Durham University
Programme and Module Handbook

Undergraduate Programme and Module Handbook 2010-2011 (archived)


Department: Mathematical Sciences


Type Open Level 4 Credits 20 Availability Available in 2010/11 Module Cap None. Location Durham


  • (Analysis in Many Variables II (MATH2031) AND other Mathematics modules to the value of 80 credits in Years 2 and 3, with at least 40 credits at Level 3) OR (Analysis in Many Variables II (MATH2031) AND other Mathematics modules to the value of 60 credits in Years 2 and 3, with at least 20 credits at Level 3, AND Integrative Module - e-Science and Physics (COMP3361))


  • None.

Excluded Combination of Modules

  • Partial Differential Equations III (MATH3291)


  • To develop a basic understanding of the theory and methods of solution for Partial Differential Equations.
  • To develop a basic understanding of the ideas of approximate (numerical) solution to certain Partial Differential Equations.


  • First order equations and characteristics. Conservation laws.
  • Systems of first-order equations, conservation laws and Riemann invariants.
  • Hyperbolic systems and discontinuous derivatives. Acceleration waves.
  • Classification of general second order quasi-linear equations and reduction to standard form for each type (elliptic, parabolic and hyperbolic).
  • Energy methods for parabolic equations. Well-posed problems.
  • Maximum principles for parabolic equations.
  • Finite difference solution to parabolic and elliptic equations.
  • Stability and convergence for solution to finite difference equations.
  • Iterative methods of solving Ax=b.
  • Reading material on one of the following topics: Strict form of the maximum principle for parabolic equations; Error estimates for numerical solutions of partial differential equations; Further aspects of non-linear partial differential equations.

Learning Outcomes

Subject-specific Knowledge:
  • By the end of the module students will: be able to solve problems in Partial Differential Equations.
  • have an understanding of theoretical mathematics in the field of Partial Differential Equations.
  • have mastered a coherent body of knowledge of these subjects demonstrated through one or more of the following topic areas: Solution of hyperbolic equations and systems.
  • Classification of second order PDEs, and their solution.
  • Maximum principles for a parabolic equation.
  • Energy estimates for a parabolic equation.
  • Finite difference methods for PDEs.
  • have an appreciation of the techniques used in one of the following areas: maximum principle for parabolic equations, error estimates for numerical solutions of partial differential equations.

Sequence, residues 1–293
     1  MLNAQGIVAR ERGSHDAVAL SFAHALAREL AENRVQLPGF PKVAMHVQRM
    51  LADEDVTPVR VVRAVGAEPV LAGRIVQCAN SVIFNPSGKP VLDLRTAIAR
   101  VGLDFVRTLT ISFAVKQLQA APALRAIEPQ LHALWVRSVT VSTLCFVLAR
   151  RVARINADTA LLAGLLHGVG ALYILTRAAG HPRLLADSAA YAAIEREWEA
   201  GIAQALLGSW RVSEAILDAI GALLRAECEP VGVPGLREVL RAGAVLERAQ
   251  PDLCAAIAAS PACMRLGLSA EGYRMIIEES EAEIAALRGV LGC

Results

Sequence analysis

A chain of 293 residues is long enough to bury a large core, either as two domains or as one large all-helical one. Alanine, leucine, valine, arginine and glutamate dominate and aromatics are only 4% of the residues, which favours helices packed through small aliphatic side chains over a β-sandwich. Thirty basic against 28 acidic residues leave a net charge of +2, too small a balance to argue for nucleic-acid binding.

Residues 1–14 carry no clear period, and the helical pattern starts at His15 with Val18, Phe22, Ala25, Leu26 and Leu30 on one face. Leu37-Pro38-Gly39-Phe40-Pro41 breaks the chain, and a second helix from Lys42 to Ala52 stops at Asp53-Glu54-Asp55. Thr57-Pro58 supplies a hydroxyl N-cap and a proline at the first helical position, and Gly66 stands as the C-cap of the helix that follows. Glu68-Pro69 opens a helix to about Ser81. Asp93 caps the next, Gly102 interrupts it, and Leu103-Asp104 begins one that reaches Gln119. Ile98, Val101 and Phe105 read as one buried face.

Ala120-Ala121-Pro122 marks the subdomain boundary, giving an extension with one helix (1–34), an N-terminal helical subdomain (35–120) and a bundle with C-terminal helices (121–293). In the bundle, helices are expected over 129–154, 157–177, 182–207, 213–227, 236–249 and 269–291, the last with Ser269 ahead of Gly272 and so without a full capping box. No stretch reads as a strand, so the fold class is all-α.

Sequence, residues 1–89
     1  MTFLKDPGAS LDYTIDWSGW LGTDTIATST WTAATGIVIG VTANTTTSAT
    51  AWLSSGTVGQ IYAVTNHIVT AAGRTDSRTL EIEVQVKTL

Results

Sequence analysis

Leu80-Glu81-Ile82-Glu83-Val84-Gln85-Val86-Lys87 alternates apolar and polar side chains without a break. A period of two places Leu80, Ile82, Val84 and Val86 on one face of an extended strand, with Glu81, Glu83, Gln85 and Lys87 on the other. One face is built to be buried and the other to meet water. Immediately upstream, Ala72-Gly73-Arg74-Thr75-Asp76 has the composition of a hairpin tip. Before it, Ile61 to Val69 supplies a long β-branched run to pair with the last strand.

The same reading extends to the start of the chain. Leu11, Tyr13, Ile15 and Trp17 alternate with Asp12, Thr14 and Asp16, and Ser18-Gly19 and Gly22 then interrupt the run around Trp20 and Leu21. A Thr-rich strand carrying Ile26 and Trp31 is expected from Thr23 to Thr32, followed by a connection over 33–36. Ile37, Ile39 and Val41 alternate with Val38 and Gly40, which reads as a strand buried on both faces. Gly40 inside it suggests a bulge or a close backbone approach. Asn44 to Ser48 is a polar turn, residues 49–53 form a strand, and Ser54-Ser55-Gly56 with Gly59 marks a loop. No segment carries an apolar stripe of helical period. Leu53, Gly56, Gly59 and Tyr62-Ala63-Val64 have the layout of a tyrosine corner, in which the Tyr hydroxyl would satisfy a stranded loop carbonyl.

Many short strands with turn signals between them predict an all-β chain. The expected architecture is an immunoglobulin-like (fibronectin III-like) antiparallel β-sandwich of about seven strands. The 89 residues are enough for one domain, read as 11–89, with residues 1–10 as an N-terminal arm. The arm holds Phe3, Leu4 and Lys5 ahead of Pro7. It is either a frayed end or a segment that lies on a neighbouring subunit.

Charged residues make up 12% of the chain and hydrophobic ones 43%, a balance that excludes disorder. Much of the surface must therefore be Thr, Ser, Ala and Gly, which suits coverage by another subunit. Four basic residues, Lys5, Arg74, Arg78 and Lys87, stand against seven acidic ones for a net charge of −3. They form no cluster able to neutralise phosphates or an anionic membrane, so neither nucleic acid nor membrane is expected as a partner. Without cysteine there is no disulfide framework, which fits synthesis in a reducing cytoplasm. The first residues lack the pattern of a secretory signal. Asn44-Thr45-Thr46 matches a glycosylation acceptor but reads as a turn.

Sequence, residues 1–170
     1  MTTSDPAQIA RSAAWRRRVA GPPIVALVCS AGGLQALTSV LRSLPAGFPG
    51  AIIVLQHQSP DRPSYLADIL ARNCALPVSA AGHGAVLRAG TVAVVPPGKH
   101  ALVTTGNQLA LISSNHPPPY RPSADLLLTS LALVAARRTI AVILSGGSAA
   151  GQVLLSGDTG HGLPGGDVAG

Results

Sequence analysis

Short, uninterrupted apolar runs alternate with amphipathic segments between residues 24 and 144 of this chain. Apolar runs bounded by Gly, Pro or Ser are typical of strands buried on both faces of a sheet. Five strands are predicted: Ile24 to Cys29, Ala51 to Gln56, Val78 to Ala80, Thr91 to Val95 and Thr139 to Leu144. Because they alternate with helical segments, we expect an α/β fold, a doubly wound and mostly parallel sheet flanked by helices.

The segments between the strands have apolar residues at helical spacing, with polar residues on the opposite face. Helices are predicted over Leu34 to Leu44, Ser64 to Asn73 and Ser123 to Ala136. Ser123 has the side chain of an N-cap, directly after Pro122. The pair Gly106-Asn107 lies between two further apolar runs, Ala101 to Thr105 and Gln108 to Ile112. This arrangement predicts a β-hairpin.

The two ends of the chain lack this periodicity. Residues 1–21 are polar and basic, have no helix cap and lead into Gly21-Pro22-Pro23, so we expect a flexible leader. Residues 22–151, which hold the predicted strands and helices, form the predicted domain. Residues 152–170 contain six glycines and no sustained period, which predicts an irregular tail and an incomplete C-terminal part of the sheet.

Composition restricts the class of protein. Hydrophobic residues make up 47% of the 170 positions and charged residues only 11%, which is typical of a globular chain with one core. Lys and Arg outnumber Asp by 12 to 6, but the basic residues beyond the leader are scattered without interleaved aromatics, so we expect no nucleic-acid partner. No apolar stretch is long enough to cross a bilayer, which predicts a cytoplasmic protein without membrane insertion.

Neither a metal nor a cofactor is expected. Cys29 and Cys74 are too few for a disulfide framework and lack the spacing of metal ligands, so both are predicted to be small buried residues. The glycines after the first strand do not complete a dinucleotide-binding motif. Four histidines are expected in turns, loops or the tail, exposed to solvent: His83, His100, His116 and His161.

• have an advanced understanding in one of the following areas: Maximum principles for parabolic equations; Error estimates; Non-linear partial differential equations.
Subject-specific Skills:
  • Students will have highly specialised and advanced mathematical skills in the following areas: Modelling, Numerical Mathematics.
Key Skills:
  • Students will have an appreciation of Partial Differential Equations in the real world and how to solve them.
  • Students will be able to study independently to further their knowledge of an advanced topic.

Modes of Teaching, Learning and Assessment and how these contribute to the learning outcomes of the module

  • Lectures demonstrate what is required to be learned and the application of the theory to practical examples.
  • Subject material assigned for independent study develops the ability to acquire knowledge and understanding without dependence on lectures.
  • Assignments for self-study develop problem-solving skills and enable students to test and develop their knowledge and understanding.
  • Formatively assessed assignments provide practice in the application of logic and high level of rigour as well as feedback for the students and the lecturer on students' progress.
  • The end-of-year examination assesses the knowledge acquired and the ability to solve predictable and unpredictable problems.

Teaching Methods and Learning Hours

Activity Number Frequency Duration Total/Hours
Lectures 40 2 per week for 19 weeks and 2 in term 3 1 Hour 40
Preparation and Reading 160
Total 200

Summative Assessment

Component: Examination Component Weighting: 100%
Element Length / duration Element Weighting Resit Opportunity
three hour written examination 100%

Formative Assessment:

Four written assignments to be assessed and returned. Other assignments are set for self-study and complete solutions are made available to students.

Attendance at all activities marked with this symbol will be monitored. Students who fail to attend these activities, or to complete the summative or formative assessment specified above, will be subject to the procedures defined in the University's General Regulation V, and may be required to leave the University